Joan Didion - 'The Last Interview and Other Conversations'

Joan Didion - 'The Last Interview and Other Conversations'


The cover for 'The Last Interview'.

The first thoughts about Joan Didion are not reasonable. The present literature about her is a hagiography that does not entirely trust itself; there is a vacancy at the center of it that I call the “but surely.” But surely if these essays were published now, the hagiography says to itself at three in the morning, they would meet with a different reception? But surely if she wrote today, her ideas about feminism would be more in line with ours? But surely, for all her pointillism, she is failing to draw the conclusions we would most like to see? The hagiography turns the pillow over, looking for a cool spot. How much can we really rely on someone who loved the Doors? Why do all her vii viii Introduction last lines give the impression that she’s speaking from beyond the veil? What, in the end, is she actually saying? But surely she has told us that herself, and all along. What she is saying, standing in the corner of every piece, holding her yellow legal pad and watching, is: “I was there.”

The quote is from Patricia Lockwood’s introduction to this book.

The interviews and other writing in this book span from 1972, when Didion was thirty-eight years old, to 2021, when she was eighty-seven.

Sara Davidson, one of the journalists, included this in her interview:

She is not what one would call a virtuoso conversationalist. We taped four hours, of which she said later, “two hours were pauses.”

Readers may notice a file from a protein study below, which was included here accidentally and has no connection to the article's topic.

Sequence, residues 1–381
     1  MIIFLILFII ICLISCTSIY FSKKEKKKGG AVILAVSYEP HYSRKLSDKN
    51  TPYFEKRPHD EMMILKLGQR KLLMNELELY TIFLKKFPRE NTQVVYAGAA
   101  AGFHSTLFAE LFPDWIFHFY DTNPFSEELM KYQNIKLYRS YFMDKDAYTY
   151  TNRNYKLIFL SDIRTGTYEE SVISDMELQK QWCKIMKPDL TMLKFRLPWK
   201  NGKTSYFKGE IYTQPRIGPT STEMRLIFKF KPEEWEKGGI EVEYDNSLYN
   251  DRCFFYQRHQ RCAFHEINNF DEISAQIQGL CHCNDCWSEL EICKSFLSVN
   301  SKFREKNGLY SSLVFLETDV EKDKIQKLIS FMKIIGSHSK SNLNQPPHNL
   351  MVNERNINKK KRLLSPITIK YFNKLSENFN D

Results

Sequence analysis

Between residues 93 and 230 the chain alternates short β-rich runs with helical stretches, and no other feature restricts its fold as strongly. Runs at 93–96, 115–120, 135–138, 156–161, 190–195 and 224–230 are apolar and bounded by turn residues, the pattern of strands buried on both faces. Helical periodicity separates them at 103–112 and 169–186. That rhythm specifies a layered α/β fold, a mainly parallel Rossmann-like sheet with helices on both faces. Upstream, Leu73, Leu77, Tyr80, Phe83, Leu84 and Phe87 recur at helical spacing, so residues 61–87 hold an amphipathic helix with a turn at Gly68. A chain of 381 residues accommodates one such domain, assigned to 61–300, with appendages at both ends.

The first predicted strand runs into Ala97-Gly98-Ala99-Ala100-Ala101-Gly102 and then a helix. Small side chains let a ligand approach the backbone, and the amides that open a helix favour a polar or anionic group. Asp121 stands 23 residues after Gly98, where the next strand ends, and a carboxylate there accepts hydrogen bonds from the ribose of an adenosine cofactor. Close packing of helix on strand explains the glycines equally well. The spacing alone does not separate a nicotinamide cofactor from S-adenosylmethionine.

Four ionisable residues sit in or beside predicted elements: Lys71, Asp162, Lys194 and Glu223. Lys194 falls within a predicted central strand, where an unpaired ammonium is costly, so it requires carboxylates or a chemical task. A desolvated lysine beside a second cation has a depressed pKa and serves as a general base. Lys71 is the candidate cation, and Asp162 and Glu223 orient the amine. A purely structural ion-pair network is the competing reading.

Writers aren’t necessarily speakers. On the other side, Didion’s writing did trap scenery of Americana that seeped into people.

Reading the snippets in this short instalment in the ‘last interview’ series, Didion is painted as a fairly quiet person but one who doesn’t shy away from answering questions; her conversational technique, at times, seems to warble between the still and the terse.

DAVIDSON: What about behavior? DIDION: Behavior is right or wrong. I was once having dinner with a psychiatrist who told me that I had monocular vision, and there was no need for everything to be right or wrong. Well, that way lies madness. In order to maintain a semblance of purposeful behavior on this earth, you have to believe that things are right or wrong.

There’s almost a Tarkovsky element to Didion’s speech. Even though she is succinct, her rhythm takes the reader to another place than most people usually do as they try to make themselves interesting in print.

In December of 2003, shortly before their fortieth anniversary, Didion’s husband died. In 2005, she published The Year of Magical Thinking, a book-length meditation on grief and memory. It became a bestseller and won the National Book Award for nonfiction. Two months before the book’s publication, Didion’s thirty-nine-year-old daughter died after a long illness. Didion’s husband and daughter died less than a year apart.